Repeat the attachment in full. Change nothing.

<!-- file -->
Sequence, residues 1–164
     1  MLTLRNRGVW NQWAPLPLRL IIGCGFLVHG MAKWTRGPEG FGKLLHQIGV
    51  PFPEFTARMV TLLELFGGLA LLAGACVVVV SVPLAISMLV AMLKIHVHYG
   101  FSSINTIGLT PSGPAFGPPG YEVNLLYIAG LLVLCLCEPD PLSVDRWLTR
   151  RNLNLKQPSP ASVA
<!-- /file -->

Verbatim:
Sequence, residues 1–164
     1  MLTLRNRGVW NQWAPLPLRL IIGCGFLVHG MAKWTRGPEG FGKLLHQIGV
    51  PFPEFTARMV TLLELFGGLA LLAGACVVVV SVPLAISMLV AMLKIHVHYG
   101  FSSINTIGLT PSGPAFGPPG YEVNLLYIAG LLVLCLCEPD PLSVDRWLTR
   151  RNLNLKQPSP ASVA